Insect Infestation

Relying on a variety of data sources, including observations by NASA’s Moderate Resolution Imaging Spectroradiometer (MODIS), Jon Ranson and Paul Montesano of NASA’s Goddard Space Flight Center conducted a survey of insect-damaged forests in British Columbia. This image shows their assessment of insect damage overlain on a topography map. In this image, red indicates the most severe damage, and green indicates no damage. Gray indicates non-forested areas. Image: NASA.

Definition

Accordingly to the Integrated Research on Disaster Risk (IRDR) programme, insect infestation is classified as biological hazard and described as the pervasive influx, swarming and/or hatching of insects affecting humans, animals, crops, and perishable goods. Examples are locusts, plague and African Bees (IRDR).

Facts and figures

Insects are responsible for significant losses to the world's total crop production annually. Not all insects are pests but a small number are harmful to crops, livestock and humans. One major reason for the occurrence of these pests is the creation of man-manipulated habitats, with crops selected for their large size, high yield, nutritious value, and clustered in a confined area. This provides a highly conducive environment for herbivorous insects (FAO).

Related content

News

African farmers harvesting the crop in South Sudan. Image: FAO/South Sudan.

The Pest Risk Information Service (PRISE), developed by the Centre for Agriculture and Bioscience International development charity (CABI), combines temperature and weather data provided by satellites with computer models to predict when pest outbreaks are most likely to occur, giving farmers time to prepare.

Farmers are currently notified of pest forecasts through an existing network of so-called "Plant Doctors" and receive WhatsApp messages with weekly warnings at county level during the... read more

Publishing date: 23/01/2019

Data Source

Publishing institution: European Space Agency (ESA)
ESA's Earth Observation Thematic Exploitation Platform (TEP) is a browser for satellite imagery and specific products on an environmental topic. The TEP platforms are divided into 7 categories: Coastal; Forstry; Geohazards; Hydrology; Polar; Urban; and Food Security. Each platform is a collaborative, virtual work environment providing access to EO data and the tools, processors and Information and Communication Technology resources required to work with them. TEP aims to bridge the gap between the users and the data and tools.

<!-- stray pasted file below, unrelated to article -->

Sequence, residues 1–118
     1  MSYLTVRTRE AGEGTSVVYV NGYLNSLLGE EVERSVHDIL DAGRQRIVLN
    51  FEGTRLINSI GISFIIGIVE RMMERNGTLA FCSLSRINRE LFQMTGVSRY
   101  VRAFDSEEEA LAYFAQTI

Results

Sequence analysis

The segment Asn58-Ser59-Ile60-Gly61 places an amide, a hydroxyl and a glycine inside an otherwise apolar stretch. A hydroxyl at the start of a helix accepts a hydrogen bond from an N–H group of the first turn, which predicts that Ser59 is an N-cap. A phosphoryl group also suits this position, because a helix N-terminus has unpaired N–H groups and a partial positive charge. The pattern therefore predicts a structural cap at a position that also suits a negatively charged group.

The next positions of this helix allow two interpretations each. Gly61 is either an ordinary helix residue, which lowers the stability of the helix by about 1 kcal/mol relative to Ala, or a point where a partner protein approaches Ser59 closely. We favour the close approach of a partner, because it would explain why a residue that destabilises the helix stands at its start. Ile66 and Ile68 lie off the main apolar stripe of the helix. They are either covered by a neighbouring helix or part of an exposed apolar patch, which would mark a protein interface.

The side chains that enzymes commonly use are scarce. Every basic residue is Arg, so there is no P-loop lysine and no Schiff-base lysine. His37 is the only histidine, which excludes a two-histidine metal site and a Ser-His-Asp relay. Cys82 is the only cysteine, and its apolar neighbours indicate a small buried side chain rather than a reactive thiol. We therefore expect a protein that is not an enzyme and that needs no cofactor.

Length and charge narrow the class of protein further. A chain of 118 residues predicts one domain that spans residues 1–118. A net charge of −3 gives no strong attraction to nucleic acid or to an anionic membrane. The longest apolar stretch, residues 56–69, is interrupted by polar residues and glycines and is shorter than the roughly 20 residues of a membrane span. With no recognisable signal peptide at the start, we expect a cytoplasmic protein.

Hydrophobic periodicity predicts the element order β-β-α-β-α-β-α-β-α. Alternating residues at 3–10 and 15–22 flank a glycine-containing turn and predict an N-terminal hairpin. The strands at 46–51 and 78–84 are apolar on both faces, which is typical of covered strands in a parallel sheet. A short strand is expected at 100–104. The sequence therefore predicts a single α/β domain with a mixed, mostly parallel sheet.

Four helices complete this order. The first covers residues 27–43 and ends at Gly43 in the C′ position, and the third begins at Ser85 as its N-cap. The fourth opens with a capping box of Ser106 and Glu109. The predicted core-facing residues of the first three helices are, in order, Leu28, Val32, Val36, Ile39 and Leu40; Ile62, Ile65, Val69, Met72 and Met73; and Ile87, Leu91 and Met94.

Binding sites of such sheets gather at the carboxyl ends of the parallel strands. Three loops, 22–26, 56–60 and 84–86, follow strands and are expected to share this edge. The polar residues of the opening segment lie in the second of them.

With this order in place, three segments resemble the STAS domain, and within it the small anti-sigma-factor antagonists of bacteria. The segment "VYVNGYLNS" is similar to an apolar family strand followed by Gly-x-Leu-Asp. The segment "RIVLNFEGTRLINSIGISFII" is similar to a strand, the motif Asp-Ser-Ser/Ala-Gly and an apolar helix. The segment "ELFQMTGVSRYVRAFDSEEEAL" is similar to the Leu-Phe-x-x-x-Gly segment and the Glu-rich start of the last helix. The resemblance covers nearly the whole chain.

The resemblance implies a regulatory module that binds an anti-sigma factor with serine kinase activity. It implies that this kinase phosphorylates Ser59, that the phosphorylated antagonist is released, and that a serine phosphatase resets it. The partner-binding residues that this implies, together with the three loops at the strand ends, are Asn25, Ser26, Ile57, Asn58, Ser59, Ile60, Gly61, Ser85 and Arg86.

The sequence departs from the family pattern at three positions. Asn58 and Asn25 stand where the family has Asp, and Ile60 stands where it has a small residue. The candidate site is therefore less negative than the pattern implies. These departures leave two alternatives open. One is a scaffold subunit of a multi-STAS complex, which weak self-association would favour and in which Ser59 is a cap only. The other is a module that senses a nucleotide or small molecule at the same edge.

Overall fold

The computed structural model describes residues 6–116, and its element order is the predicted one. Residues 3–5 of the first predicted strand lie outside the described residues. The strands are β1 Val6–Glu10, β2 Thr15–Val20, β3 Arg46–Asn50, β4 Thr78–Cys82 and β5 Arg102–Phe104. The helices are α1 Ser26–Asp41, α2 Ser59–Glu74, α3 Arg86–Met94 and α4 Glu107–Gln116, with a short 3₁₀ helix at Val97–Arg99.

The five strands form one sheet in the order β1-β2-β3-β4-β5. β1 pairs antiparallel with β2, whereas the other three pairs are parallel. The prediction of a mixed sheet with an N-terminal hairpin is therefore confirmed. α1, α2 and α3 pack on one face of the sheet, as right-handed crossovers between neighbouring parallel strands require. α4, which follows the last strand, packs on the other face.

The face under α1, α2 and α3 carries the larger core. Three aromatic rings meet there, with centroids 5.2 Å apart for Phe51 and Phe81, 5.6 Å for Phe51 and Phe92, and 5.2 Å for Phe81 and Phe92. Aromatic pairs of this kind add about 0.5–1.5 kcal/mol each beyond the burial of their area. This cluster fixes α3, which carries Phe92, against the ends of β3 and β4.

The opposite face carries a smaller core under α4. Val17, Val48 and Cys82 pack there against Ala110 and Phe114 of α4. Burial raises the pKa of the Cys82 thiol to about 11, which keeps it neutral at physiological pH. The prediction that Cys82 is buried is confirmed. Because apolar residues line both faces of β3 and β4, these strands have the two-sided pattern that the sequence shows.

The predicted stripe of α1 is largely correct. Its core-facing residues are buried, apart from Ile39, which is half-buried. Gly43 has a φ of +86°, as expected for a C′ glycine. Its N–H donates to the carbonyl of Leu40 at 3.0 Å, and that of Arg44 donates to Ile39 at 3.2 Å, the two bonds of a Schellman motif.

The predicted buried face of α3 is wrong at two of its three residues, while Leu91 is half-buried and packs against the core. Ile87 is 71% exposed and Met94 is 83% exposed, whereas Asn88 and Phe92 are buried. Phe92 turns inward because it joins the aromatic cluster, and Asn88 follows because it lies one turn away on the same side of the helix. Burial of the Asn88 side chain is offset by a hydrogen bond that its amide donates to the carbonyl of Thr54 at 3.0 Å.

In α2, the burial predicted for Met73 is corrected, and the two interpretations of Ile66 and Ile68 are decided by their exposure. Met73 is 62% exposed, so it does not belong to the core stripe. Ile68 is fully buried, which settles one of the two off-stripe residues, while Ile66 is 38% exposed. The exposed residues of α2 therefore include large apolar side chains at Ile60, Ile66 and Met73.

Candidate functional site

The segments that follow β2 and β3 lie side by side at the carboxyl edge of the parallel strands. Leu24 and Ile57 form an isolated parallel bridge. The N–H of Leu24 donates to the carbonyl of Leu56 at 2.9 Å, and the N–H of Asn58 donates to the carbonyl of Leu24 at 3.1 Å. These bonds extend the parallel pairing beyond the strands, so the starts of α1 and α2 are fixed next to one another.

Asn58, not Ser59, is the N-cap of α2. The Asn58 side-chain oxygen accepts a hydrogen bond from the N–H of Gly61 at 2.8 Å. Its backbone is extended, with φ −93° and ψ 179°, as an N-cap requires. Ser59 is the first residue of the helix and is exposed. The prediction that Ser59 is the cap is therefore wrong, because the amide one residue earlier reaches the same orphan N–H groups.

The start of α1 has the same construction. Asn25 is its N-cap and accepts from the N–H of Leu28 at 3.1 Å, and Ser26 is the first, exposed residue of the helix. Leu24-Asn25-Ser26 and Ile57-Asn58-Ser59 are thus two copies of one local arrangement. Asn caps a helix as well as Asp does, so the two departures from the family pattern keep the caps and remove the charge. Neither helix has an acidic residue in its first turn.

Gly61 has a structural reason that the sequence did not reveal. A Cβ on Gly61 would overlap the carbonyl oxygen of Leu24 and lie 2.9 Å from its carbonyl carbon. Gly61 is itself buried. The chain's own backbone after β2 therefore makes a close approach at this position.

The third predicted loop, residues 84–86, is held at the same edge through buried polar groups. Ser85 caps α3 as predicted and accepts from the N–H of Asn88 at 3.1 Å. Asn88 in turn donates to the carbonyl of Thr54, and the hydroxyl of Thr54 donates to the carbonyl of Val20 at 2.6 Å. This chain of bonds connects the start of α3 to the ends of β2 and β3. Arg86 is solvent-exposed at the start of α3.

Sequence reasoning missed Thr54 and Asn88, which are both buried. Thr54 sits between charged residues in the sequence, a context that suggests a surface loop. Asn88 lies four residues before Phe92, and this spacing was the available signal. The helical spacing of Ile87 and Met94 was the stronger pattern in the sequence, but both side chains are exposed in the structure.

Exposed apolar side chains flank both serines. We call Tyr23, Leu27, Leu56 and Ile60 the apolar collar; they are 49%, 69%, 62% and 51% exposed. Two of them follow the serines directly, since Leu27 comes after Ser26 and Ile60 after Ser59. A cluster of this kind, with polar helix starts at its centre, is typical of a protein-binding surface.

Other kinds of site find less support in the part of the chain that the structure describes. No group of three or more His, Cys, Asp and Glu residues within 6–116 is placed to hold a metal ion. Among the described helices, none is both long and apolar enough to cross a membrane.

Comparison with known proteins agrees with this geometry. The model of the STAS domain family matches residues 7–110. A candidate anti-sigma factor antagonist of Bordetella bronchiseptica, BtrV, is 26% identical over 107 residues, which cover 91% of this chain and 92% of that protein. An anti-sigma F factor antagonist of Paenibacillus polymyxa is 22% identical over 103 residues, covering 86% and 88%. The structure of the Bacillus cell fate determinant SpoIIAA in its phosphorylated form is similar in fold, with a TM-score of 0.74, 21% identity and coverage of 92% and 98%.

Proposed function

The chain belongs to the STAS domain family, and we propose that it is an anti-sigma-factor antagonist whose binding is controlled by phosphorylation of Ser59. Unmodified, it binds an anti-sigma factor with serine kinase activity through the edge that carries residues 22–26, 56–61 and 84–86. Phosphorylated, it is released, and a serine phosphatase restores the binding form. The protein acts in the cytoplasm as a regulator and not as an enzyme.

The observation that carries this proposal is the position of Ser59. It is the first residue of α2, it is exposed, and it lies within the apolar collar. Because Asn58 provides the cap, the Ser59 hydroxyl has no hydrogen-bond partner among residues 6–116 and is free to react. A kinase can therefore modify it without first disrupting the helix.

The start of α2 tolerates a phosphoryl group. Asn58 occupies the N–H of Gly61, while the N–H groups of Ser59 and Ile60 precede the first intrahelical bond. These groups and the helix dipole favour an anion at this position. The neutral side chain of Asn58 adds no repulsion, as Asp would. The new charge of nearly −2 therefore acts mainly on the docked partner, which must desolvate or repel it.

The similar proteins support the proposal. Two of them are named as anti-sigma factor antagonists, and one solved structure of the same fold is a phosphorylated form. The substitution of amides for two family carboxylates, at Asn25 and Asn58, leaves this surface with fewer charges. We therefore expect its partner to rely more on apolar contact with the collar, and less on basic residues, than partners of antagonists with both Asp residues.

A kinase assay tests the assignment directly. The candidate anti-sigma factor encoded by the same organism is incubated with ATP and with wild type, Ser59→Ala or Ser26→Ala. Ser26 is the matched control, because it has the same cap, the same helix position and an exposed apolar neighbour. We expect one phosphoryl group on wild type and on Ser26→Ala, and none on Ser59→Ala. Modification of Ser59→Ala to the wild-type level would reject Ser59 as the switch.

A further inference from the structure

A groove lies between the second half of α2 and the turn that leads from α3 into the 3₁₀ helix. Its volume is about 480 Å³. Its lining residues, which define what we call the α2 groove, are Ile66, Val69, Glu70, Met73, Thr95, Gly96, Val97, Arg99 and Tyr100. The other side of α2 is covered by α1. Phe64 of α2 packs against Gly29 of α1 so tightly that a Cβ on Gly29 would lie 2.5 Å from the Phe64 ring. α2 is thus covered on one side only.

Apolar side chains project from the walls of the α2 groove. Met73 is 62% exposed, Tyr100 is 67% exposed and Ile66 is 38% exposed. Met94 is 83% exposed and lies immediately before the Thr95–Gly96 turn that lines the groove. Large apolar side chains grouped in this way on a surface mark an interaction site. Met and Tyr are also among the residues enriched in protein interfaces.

Publishing institution: Airbus Defence & Space
Pleidas, TerraSar-X, SPOT and Elevation data available commercially from airbus, certain sample data sets at various locations available for free.
Publishing institution: Radiant Earth Foundation
The website: https://www.radiant.earth Help and Tutorials: https://help.radiant.earth/ Demos & Use Cases: https://demos.radiant.earth/
Publishing institution: NASA Earth Science Disasters Program
NASA's Earth Observing System Data and Information System (EOSDIS) is a program for archiving and distributing Earth science data from multiple missions to users.
Publishing institution: European Organization for the Exploitation of Meteorological Satellites (EUMETSAT)
Map Viewer that allows downloading and time series creation of meteosat products.

GP-STAR factsheet

Publishing institution: United Nations Office for Outer Space Affairs (UNOOSA)
After the TAM was conducted in Myanmar, innovative impacts were completed following a recommendation. “Emergency Operation Centre (EOC)”, which is comprised of four units including “Remote Sensing Unit” and “Risk Assessment and Emergency Response Unit” was established in the Ministry of Social Welfare, Relief & Resettlement (MSWRR). The capacity building... read more
Publishing institution: United Nations Office for Outer Space Affairs (UNOOSA)

In order to encourage the targeted retrieval of space-based information and data by disaster risk reduction practitioners, content on the Portal is systematically enriched with metadata. For instance, data sources are marked up with data about their file type, satellite/sensor and spatial coverage and whether they relate to the disaster risk management or... read more

Publishing institution: UNITAR Operational Satellite Applications Programme (UNOSAT)

Based on optical and radar images of different resolutions, UNOSAT products are also enriched with the available baseline GIS datasets and crowdsourcing data. Satellite-derived analysis performed by UNOSAT is delivered in the form of GIS Data, Static Maps, Live Web Maps, and Reports, and is then shared with a wide range of end-users such as UN Agencies, International Organizations, and Governments.

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